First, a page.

The Secretary of State has answered one question. Will he answer the other? What representations were made by the Armed Forces Pay Review Body to be released from the Government's present incomes policy, which discriminates against the forces?

The Government's pay policy does not discriminate against the forces, and as far as I am aware the body made no representations to me. It did not ask for such a release because it well understood the pay policy and it understood that part of the pay policy was that the Government would honour the agreement which has been worked out with the trade union movement. We have no means of enforcing the agreement in every respect in other areas.

I think that industry and the trade union movement have a very proud record in that they have honoured two rounds of pay policy which have made possible the good trade figures announced today and the even better ones of a month ago, and the fact that the economy is now on the way to recovery.

The AFPRB based its recommendations on a mass of data which are collected under its supervision and it is informed by facts and impressions which it collects there, as well as by evidence that it receives directly from the principal personnel officers of the Services and by many visits to Service units. I emphasise that the Body does not negotiate with or on behalf of the Armed Forces but makes its recommendations, and the Government are bound to accept those unless there are clear and compelling reasons for not doing so. This was made extremely clear in a letter in the Daily Telegraph last week from Admiral Sir Desmond Dreyer, now retired, a member of the AFPRB and a former senior officer responsible for personnel policy within the Ministry.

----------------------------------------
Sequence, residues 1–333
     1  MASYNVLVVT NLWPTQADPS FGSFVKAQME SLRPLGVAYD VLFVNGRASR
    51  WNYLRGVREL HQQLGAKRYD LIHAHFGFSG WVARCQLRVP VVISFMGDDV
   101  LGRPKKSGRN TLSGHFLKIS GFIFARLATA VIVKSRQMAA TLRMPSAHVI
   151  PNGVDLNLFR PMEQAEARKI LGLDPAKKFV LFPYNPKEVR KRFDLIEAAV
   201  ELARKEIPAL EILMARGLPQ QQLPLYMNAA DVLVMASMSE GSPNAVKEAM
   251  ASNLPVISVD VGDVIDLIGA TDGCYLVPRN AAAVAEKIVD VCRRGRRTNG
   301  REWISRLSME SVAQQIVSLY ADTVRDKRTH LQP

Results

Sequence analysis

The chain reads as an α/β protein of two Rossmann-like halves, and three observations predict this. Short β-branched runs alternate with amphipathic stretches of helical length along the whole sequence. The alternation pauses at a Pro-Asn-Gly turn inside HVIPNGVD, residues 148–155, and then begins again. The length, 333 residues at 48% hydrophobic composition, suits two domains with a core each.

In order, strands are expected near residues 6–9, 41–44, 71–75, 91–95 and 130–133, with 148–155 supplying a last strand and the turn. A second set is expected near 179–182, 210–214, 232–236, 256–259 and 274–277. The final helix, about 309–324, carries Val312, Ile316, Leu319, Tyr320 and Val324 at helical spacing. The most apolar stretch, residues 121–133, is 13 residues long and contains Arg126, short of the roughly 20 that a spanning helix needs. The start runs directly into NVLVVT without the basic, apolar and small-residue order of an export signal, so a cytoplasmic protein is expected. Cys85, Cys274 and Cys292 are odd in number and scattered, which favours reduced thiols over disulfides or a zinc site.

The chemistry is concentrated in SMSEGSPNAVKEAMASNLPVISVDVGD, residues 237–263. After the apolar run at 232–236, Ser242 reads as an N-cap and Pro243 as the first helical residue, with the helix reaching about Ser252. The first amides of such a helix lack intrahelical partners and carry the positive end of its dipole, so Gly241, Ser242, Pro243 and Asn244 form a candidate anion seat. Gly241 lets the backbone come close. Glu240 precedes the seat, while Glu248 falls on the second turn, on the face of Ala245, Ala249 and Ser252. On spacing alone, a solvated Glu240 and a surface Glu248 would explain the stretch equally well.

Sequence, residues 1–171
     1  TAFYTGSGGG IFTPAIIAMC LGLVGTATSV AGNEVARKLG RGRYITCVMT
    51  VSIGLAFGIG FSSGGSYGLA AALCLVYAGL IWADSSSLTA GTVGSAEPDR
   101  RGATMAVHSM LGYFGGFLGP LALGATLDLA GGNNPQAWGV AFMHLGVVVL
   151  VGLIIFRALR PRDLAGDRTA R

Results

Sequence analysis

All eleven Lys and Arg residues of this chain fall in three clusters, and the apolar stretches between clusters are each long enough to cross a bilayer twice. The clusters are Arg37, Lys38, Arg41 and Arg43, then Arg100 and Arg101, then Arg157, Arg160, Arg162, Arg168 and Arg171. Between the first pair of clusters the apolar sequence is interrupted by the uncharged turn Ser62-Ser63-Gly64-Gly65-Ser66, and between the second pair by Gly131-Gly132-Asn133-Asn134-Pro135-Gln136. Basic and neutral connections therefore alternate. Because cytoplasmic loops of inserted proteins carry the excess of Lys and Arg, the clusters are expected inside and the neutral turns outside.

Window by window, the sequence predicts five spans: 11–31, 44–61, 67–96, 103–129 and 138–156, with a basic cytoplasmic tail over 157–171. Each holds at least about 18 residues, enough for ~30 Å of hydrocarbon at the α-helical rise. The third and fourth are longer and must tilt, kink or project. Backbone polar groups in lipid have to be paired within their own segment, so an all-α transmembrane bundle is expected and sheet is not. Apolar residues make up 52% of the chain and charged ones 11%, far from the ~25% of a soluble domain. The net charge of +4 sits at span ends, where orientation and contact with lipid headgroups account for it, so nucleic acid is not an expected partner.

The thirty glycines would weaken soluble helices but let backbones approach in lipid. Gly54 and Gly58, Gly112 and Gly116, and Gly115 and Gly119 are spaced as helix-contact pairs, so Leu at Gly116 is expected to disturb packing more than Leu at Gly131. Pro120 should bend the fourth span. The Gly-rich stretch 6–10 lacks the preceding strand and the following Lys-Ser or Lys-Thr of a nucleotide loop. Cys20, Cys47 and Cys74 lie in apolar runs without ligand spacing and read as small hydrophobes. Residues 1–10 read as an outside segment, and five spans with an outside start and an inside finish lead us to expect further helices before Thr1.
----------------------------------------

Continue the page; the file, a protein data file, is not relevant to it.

For the purpose of calculating pay, the AFPRB has accepted that direct comparison with civilian occupations is not practicable. There is clearly no direct parallel in civilian life for all military skills. Therefore a method of job evaluation similar to that employed by private industry for establishing internal relativities has to be adopted.

This work of job evaluation is undertaken by suitably trained Service officers and the results are judged by a group of senior officers under the chairmanship of a civilian management consultant. The information they collect is submitted to the AFPRB on a continuing basis. This process of job evaluation is complicated, but it ensures that there is a suitable basis for comparing Service with civilian jobs and for deriving in normal times rates of pay for the Services which are comparable with rates of pay in civilian life. Charges for food and accommodation are similarly established by analogy to civilian life.

While I do not wish to make a party point about this, I must explain that it was the Conservative Party which established these analogues. It is an essential part of the military salary concept that charges should compare realistically with those outside the Services—

If the hon. Gentleman had been listening he would have heard me deal with the difficulties of comparability of pay. He cannot expect me to repeat these things two or three times just so that he can grasp what I am saying. If he is still in difficulty I shall send him the text afterwards.

For food the calculation is relatively straightforward. Food charges are related to the food element in the retail price index, with a small addition to take account of essential overheads. The calculation of accommodation charges is more complicated. If, as an essential part of the whole concept of a military salary, there are to be charges for accommodation, some basis for assessing them must be made.

I do not quarrel with the way in which the right hon. Gentleman and his colleagues put down the analogue on which that should be based. They included four elements. These are rent, which is derived from an average of local authority rents for houses of a similar standard, age and location; rates, which reflect the average contribution paid by the Ministry for each type of Service house with average water rates; a small charge for the use of furniture and household equipment; and a small charge for the maintenance of the property, additional to that which would be typically undertaken by a local authority.